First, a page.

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The Warriors belatedly proved they can go toe-to-toe with the premiership’s cream, but ultimately their 12-6 loss to Melbourne Storm was an opportunity lost in 80 scrappy, disjointed minutes at Mount Smart Stadium.

The hosts were physical and gutsy; they played with tonnes of heart. Unfortunately, their execution and composure on attack was second-rate – Blake Green’s late withdrawal had a glaring impact, while Issac Luke’s second-half exit with a shoulder injury derailed their direction and punch with the ball further.

The Storm did just enough. A try right on halftime proved crucial, with a pair of Cameron Smith penalty goals the only points in the second stanza. The defending premiers’ guile – particularly that of Smith – was the single-most decisive factor in the victory.

It took less than three minutes for the Storm to punish the Warriors’ left-side defence in an ominous throwback to Anzac Day.

A deft-but-forward pass from halfback Jahrome Hughes saw Will Chambers leave Solomone Kata posted, and the Queensland centre outfoxed the home side’s cover on his way to a 50-metre try.

But this time the Warriors managed to hit straight back.

Shaun Johnson’s cross-field kick found an aerial David Fusitu’a, who threw the ball down for Gerard Beale to dive over in the corner. Johnson slotted the conversion from out wide to edge the Warriors 6-4 in front.

The Warriors’ subsequent chances in good ball came unstuck through sloppy passes but Johnson, Beale and Fusitu’a were making plenty of inroads down the right-hand channel. Meanwhile, their defence tightened up impressively after that early lapse.

The Warriors came within 55 seconds of leading at halftime – where they are 10-0 at converting games into victory in 2018 – but the Storm snatched the advantage through Suliasi Vunivalu.

The giant Fijian winger outjumped Ken Maumalo for a Hughes kick and held off Kata to plant the ball in the corner. Melbourne 8-6 at the break.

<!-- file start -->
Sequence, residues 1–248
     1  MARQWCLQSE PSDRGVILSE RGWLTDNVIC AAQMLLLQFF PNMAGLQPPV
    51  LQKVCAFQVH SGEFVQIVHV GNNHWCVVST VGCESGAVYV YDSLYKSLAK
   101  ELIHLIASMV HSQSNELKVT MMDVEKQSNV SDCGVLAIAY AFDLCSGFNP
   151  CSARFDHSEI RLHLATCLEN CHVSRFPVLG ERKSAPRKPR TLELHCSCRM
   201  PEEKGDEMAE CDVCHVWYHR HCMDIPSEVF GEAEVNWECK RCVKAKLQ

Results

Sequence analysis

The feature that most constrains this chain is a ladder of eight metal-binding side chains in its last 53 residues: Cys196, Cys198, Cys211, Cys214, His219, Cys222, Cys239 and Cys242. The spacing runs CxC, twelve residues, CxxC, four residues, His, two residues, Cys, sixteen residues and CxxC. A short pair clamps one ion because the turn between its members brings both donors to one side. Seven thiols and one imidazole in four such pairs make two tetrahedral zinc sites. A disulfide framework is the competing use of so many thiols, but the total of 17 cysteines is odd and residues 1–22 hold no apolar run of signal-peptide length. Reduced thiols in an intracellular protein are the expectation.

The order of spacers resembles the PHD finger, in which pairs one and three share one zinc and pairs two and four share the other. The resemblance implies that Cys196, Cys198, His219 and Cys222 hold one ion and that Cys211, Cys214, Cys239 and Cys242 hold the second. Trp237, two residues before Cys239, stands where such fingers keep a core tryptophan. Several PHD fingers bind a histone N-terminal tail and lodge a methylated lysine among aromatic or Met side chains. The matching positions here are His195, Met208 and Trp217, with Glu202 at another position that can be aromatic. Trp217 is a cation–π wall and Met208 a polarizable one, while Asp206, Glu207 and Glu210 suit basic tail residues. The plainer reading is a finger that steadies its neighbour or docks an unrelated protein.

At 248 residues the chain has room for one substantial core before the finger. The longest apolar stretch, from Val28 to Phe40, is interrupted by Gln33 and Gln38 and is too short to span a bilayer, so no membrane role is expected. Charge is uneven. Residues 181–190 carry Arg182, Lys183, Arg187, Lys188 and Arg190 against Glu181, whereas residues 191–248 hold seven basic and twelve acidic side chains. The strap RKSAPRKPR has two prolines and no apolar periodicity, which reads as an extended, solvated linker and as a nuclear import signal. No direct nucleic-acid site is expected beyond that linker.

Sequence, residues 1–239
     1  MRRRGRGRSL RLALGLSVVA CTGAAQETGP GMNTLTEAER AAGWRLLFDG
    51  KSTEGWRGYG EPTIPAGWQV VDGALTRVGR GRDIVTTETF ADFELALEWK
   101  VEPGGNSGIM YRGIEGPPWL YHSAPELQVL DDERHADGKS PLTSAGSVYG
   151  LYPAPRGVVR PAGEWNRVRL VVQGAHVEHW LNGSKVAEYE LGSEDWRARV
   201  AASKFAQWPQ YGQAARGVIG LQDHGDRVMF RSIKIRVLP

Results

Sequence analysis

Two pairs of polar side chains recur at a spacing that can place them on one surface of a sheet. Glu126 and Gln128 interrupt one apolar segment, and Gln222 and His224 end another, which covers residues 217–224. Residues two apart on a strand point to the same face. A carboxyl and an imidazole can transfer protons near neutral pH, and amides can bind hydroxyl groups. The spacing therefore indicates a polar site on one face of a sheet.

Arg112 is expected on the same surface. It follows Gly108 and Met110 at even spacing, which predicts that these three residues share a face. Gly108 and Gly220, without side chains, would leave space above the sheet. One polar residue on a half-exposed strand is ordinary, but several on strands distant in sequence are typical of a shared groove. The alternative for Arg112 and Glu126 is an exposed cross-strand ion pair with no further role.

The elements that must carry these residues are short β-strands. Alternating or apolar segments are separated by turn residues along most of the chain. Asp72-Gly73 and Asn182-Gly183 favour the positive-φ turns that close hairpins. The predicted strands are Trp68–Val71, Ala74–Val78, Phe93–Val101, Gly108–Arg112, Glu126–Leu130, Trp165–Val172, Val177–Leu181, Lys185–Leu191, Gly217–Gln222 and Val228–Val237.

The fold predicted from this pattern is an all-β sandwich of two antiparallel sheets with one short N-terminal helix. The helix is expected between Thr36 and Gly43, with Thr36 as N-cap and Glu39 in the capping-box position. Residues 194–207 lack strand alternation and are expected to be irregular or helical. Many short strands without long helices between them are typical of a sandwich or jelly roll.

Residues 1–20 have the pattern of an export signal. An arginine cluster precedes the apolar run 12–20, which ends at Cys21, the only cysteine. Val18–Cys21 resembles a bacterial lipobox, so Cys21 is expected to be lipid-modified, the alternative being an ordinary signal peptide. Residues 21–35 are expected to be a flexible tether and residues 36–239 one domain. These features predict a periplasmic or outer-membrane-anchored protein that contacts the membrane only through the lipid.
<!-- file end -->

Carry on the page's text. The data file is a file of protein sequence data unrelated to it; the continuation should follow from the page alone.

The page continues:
The Warriors had all the early running in the second half but couldn’t convert that into points. Kata was rightly denied by the video ref after a quite frankly dumb double-movement.

Melbourne marched upfield, forced a repeat set but the recently-employed short restart plan paid off again for the Warriors. The second short one from Johnson went out on the full, however, and Cameron Smith edged the Storm out to 10-6 with 24 minutes left.

If between, pure outrage.

Refereeing incompetence ruined a barnstorming Maumalo kick-return, with Smith hitting the Warriors winger high shot then shoving the Warriors winger as he tried to play it. Knock-on called.

Smith’s embarrassing influence over the NRL’s match officials is unparalleled in the history of the game. It was a pivotal part of the match and marked the second time in as many outings the Warriors could walk off Mount Smart feeling hard done by at the hands of the whistle-blowers.

Opposing No.9 Luke’s departure was even more damaging to the Warriors’ hopes of coming from behind, with Jazz Tevaga again struggling to deputise at dummy-half effectively.

Chance after chance went begging through the Warriors’ impatience, dreadful execution and obsession with throwing the ball wide too early and too flat-footed.

A late penalty goal gave the Storm a six-point buffer and the Warriors rushed their opportunities in the dying minutes.

The team can take plenty of confidence from their performance – the Warriors pushed the competition’s benchmark to the brink. Their defence across the park and the performance of Tuivasa-Sheck, Maumalo (on both sides of the ball) and Gerard Beale are huge positives.

On the debit side, Kata and Mannering were a real mixed bag after both producing their best game of 2018 just seven days earlier, and the forwards struggled to make inroads with the ball.

The Warriors will finish the weekend back in eighth spot but only a win off fourth. Next weekend’s assignment on the Gold Coast shapes as must-win with ninth-placed Wests Tigers suddenly picking up steam.

It’s going to be a hair-rising seven-week scramble for top-eight positions – but on current form the Warriors are as well-placed as the Sharks, Roosters, Panthers and Broncos.




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